Saints and Symposiasts: The Literature of Food and the Symposium in Greco-Roman and Early Christian Culture

Saints and Symposiasts: The Literature of Food and the Symposium in Greco-Roman and Early Christian Culture

Jason König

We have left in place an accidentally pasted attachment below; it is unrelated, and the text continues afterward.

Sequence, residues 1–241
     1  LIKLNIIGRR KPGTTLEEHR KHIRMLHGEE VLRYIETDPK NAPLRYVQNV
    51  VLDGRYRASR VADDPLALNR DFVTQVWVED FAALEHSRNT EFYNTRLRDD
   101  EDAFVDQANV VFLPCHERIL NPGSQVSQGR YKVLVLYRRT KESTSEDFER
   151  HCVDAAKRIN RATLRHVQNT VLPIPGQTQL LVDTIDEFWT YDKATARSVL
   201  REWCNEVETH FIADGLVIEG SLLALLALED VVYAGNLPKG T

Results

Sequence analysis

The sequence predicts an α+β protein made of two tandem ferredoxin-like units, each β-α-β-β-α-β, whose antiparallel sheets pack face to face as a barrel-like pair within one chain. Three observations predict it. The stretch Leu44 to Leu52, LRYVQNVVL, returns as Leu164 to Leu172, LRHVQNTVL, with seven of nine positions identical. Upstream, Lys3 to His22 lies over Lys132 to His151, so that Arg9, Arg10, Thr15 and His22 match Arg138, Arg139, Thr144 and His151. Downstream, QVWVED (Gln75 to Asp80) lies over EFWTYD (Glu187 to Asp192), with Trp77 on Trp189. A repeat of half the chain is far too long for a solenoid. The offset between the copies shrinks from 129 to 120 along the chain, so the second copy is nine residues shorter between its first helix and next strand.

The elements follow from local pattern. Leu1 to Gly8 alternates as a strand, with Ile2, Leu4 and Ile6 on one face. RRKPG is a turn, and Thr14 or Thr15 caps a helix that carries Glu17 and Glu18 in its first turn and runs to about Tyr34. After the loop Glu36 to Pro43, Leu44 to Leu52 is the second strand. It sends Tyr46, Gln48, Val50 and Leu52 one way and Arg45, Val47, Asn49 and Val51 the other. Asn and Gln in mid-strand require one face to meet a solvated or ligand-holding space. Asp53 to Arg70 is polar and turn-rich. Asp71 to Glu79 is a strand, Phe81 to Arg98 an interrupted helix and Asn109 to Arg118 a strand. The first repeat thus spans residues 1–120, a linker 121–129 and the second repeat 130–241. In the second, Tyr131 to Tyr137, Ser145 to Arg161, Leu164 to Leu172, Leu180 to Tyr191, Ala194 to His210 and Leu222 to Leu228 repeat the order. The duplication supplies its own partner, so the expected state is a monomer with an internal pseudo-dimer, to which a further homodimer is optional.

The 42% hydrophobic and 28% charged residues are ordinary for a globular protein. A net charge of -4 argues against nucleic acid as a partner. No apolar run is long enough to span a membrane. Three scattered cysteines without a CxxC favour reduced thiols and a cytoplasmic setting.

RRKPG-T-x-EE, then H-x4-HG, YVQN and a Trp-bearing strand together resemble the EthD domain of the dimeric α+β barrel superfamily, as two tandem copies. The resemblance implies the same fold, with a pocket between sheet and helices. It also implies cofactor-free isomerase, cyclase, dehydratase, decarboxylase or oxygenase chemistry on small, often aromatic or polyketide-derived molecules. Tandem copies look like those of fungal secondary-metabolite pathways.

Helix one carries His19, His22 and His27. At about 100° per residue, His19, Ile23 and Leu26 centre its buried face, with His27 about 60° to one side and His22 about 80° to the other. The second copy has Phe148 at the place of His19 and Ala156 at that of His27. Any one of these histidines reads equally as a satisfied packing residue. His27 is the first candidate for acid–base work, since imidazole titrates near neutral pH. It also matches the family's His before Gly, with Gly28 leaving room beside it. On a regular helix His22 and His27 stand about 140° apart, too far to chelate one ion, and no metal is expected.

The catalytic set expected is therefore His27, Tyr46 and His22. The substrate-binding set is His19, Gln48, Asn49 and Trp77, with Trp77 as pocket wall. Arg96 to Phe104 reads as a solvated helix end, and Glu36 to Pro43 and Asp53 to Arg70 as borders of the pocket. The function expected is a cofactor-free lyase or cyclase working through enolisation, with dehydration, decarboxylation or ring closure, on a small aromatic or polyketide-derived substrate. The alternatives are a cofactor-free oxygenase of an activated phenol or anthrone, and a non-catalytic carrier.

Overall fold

Greek traditions of writing approximately nutrition and the symposium had an extended and wealthy afterlife within the first to 5th centuries CE, in either Greco-Roman and early Christian tradition. This ebook offers an account of the historical past of the table-talk style, derived from Plato's Symposium and different classical texts, focusing between different writers on Plutarch, Athenaeus, Methodius and Macrobius. It offers with the illustration of transgressive, degraded, eccentric different types of consuming and ingesting in Greco-Roman and early Christian prose narrative texts, focusing specifically at the Letters of Alciphron, the Greek and Roman novels, particularly Apuleius, the Apocryphal Acts of the Apostles and the early saints' lives. It argues that writing approximately intake and dialog persevered to topic: those works communicated specific principles approximately tips on how to speak and the way to imagine, exact types of the connection among prior and current, specific and infrequently destabilising visions of human id and holiness.

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